On July 23rd, The Executive Director of THE GUIDE, Mr. Pedro Paulo Moreira, was received by the Ambassador of Slovenia, Mr. Alain Brian Bergant, at the Embassy of Slovenia, located at Lago Sul, Brasília, for an interview, which is presented below:
THE GUIDE: Ambassador, you speak Portuguese very well, how did you learn Portuguese?
Ambassador of Slovenia, Mr. Alain Brian Bergant: Four years ago, when I was working at the Foreign Ministry, I visited Rio de Janeiro for the first time as a tourist. After three weeks in Rio, Salvador and São Paulo, I fell in love with Brazil and its rich and diverse cultural heritage. I returned two more times to Rio de Janeiro and after that, I started with some basic classes in Portuguese language for my personal interest. When coming to Brasilia I continued with individual classes in Portuguese language and I still have them once a week. I find Portuguese language so romantic and beautiful language.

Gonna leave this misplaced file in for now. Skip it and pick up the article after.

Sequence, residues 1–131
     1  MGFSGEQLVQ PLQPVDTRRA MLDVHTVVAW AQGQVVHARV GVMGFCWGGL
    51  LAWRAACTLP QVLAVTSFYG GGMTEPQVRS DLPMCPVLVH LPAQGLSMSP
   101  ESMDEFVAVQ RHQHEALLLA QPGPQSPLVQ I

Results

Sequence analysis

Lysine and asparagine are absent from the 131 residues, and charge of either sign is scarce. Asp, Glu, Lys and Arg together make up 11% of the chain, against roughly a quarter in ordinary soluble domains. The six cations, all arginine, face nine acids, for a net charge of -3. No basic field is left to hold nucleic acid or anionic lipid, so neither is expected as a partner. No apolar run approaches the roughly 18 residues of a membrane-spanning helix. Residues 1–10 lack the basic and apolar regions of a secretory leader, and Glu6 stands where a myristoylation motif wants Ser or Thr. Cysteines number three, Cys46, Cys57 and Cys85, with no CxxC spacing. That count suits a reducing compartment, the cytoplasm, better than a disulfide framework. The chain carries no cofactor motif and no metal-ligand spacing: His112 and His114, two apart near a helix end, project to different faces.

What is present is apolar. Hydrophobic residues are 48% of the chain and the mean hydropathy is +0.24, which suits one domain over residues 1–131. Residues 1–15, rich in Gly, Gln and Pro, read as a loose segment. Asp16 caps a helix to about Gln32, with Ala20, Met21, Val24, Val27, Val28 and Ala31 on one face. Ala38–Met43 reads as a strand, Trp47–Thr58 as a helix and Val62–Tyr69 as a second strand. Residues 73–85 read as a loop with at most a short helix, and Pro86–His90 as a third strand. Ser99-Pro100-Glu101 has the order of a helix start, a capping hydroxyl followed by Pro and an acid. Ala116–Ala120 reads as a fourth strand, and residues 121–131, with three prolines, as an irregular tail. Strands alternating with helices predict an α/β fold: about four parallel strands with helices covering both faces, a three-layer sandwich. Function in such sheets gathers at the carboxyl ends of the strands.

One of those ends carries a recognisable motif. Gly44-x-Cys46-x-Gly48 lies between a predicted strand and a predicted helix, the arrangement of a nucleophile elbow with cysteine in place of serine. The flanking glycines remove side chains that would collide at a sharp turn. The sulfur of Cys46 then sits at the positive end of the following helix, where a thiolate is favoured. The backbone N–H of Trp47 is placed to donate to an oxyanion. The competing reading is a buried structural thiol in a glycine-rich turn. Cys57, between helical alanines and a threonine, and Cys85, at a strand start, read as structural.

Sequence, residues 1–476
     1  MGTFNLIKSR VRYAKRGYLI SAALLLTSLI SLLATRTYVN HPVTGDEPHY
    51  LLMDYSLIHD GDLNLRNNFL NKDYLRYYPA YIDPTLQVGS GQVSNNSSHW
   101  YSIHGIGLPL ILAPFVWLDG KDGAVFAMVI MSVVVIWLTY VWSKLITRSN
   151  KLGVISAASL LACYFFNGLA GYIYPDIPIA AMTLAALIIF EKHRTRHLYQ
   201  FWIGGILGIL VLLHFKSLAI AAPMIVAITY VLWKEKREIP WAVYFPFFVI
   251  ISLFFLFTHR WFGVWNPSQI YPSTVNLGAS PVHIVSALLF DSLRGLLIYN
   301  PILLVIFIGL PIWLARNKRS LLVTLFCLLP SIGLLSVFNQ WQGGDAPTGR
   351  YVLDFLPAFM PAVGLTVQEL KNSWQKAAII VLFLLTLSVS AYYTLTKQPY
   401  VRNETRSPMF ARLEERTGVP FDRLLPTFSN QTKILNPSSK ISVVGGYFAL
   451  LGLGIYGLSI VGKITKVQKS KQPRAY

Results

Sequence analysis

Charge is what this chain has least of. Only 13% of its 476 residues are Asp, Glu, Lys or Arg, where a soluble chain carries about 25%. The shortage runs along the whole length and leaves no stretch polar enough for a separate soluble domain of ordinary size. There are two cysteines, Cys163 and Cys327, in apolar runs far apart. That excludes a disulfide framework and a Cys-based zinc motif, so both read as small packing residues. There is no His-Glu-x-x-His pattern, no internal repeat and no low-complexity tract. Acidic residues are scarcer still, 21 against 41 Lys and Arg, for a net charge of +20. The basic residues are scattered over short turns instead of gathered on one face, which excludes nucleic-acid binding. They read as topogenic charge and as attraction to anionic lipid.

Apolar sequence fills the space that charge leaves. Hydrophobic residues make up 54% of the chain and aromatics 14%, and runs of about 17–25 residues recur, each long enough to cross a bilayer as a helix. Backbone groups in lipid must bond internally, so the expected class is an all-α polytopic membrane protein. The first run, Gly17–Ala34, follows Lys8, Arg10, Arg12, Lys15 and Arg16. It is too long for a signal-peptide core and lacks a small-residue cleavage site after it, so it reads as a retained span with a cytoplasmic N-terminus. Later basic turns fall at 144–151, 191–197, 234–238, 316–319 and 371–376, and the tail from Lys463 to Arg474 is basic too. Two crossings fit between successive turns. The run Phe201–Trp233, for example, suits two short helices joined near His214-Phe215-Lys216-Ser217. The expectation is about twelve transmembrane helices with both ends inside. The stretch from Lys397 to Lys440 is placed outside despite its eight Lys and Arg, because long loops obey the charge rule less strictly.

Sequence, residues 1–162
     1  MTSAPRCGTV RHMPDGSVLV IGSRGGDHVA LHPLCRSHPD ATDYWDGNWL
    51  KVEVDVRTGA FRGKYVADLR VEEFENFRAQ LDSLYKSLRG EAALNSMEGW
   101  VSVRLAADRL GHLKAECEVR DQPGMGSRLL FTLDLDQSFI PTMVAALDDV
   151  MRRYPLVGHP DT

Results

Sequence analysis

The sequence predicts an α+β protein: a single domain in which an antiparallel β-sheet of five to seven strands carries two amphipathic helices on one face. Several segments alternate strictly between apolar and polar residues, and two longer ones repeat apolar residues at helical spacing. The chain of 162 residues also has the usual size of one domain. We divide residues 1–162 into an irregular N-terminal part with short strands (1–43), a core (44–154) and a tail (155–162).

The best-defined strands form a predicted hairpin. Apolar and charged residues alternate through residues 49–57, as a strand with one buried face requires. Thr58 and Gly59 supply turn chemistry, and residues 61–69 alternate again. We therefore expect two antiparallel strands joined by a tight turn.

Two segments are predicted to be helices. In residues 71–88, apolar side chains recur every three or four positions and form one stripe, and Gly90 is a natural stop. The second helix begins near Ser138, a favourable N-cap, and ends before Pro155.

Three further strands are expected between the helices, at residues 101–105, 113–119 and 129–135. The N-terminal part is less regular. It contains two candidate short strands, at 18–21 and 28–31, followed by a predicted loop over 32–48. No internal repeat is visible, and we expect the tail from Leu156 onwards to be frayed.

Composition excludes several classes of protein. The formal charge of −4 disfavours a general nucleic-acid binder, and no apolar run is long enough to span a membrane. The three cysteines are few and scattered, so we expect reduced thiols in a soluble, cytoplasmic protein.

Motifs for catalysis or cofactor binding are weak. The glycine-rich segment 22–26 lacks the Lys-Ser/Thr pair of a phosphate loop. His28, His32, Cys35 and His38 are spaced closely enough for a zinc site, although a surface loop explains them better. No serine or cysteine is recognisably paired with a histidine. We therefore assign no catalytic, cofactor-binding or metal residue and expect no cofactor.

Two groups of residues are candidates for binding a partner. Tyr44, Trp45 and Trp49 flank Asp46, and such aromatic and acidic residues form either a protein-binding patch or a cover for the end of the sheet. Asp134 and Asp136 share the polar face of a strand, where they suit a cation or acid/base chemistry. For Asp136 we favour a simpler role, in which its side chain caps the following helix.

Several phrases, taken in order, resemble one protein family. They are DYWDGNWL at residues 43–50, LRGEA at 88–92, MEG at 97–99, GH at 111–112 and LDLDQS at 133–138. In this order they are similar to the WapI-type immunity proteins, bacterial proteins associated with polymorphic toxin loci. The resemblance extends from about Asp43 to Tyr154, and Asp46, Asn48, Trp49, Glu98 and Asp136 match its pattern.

THE GUIDE: Have you ever served as a diplomat in a portuguese-speaking country?
Ambassador of Slovenia, Mr. Alain Brian Bergant: Never, before Brasilia I was posted in Budapest, Stockholm, Helsinki and Skopje. We had an Embassy in Lisbon but it was unfortunately closed years ago due to austerity measures along with some other Slovenian embassies. The only Embassy where Portuguese language is spoken is Brasília, that we opened back in 2010. In Latin America Slovenia has only two embassies: in Buenos Aires and Brasilia.
THE GUIDE: Are you also ambassador for Buenos Aires?
Ambassador of Slovenia, Mr. Alain Brian Bergant: No, only for Brazil and I am non-resident Ambassador to Colombia, Bolivia and Ecuador, we are responsible as well for Venezuela. Other countries Paraguay, Uruguay, Peru, Chile and Argentina are covered by our Embassy in Buenos Aires.